The most impor­tant thing you can do is to lis­ten. So many of these let­ters and blog posts go about answer­ing ques­tions or issues they think we have, but so often have no rel­e­vance. You need to ask us what issues are both­er­ing us. Why are they both­er­ing us? What have we done to try to find answers. What con­clu­sions have we arrived at? What fears have those con­clu­sions caused? Through all of this, your job is to lis­ten. That is it. Don’t try to fix it. Don’t try to resolve any­thing unless we ask you to. Just lis­ten. For so many of us, this has been a lone­ly process, and we’ve have very few peo­ple to talk to about our ques­tions. We need to be able to process our thoughts and feel­ings, and ver­bal­iz­ing them helps us to fig­ure it out. The ear­li­er on in the process, the more like­ly we are to con­tra­dict our­selves. We haven’t had time to fig­ure out how new infor­ma­tion that changes one belief will affect oth­er beliefs.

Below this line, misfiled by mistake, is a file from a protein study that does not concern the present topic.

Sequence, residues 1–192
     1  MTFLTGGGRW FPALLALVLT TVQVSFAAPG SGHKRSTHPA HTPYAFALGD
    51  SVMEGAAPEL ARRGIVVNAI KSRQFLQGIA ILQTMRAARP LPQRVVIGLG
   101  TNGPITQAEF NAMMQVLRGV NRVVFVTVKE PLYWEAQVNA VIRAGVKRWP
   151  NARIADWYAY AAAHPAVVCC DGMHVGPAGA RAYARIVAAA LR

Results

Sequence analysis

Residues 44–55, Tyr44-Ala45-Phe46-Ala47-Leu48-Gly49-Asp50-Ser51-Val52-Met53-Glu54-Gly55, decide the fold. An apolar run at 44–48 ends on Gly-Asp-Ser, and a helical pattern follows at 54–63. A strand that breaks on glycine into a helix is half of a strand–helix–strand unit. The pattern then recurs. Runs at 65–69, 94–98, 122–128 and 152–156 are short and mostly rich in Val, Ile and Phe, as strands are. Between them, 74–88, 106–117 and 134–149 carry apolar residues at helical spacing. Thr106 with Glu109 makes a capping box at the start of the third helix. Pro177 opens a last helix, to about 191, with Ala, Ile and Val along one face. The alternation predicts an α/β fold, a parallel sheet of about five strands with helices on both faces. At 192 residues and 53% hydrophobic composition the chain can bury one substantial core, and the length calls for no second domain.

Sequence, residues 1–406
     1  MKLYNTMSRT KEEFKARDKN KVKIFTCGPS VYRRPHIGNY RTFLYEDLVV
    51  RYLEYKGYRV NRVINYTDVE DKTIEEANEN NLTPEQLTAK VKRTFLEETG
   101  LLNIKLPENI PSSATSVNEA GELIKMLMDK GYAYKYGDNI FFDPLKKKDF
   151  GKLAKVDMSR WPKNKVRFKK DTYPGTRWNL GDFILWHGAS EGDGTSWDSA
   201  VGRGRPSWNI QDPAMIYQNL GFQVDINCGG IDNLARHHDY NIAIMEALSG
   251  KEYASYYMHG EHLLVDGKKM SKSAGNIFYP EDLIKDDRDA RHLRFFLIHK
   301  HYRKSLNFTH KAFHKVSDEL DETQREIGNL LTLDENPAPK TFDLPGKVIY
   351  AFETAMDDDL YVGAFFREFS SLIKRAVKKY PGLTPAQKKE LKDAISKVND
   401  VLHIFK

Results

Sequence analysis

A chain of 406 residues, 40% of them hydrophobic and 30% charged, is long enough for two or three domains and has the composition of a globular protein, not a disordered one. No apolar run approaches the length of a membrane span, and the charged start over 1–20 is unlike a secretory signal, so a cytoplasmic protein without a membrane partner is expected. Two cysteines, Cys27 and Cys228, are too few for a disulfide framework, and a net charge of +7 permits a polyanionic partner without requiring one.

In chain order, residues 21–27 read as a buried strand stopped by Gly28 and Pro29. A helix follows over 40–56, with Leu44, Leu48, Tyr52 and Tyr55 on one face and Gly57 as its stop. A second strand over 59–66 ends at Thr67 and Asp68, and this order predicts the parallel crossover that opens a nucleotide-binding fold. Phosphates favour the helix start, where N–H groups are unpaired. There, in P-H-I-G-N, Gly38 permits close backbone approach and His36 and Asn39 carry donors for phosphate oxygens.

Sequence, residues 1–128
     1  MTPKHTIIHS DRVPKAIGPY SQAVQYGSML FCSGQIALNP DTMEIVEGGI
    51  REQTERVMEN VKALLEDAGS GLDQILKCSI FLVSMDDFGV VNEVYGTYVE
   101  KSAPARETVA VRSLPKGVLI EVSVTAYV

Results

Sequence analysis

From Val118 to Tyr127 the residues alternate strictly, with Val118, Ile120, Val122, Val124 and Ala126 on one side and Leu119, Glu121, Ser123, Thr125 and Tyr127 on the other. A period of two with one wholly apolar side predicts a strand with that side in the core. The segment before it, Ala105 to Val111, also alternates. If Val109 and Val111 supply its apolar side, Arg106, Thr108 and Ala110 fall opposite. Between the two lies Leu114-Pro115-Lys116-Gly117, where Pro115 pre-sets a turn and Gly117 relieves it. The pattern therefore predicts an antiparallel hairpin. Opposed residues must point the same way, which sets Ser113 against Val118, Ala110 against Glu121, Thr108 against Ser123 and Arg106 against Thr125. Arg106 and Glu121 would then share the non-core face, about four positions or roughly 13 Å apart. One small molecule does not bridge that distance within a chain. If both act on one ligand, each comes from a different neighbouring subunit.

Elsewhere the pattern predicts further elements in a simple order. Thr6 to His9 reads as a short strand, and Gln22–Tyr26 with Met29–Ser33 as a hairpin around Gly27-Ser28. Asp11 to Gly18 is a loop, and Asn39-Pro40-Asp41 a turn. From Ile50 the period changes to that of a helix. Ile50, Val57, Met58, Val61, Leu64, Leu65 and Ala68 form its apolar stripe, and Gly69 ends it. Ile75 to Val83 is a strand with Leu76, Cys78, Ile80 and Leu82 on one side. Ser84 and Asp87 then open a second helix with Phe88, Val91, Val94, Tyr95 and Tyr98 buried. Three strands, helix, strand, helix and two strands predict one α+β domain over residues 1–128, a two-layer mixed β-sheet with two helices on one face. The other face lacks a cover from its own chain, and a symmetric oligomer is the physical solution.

There will prob­a­bly be anger. A faith cri­sis is a griev­ing process. It is nat­ur­al and healthy to expe­ri­ence anger. We need to be able to feel and to express that anger in order to move past it. In my case, there has been anger because I felt betrayed. I devot­ed my life to the church. I tried to con­tribute as much as I could, and I tried to be hon­est with my church lead­ers. When I learned that cer­tain aspects of church his­to­ry had been hid­den, and that those aspects had huge impli­ca­tions for the sto­ry of the restora­tion, I felt betrayed. I felt deceived. It felt like I was the vic­tim of a fraud. Whether I had real­ly been betrayed, deceived, or defraud­ed is sec­ondary to the fact that I felt that way. Let me restate that because it is incred­i­bly impor­tant. The fact that I felt I had been betrayed, deceived, and defraud­ed is more impor­tant dur­ing this anger phase than if I had actu­al­ly been betrayed, deceived, or defraud­ed. As we move past this anger phase, we will be more capa­ble of deter­min­ing if we real­ly were betrayed, deceived and defrauded.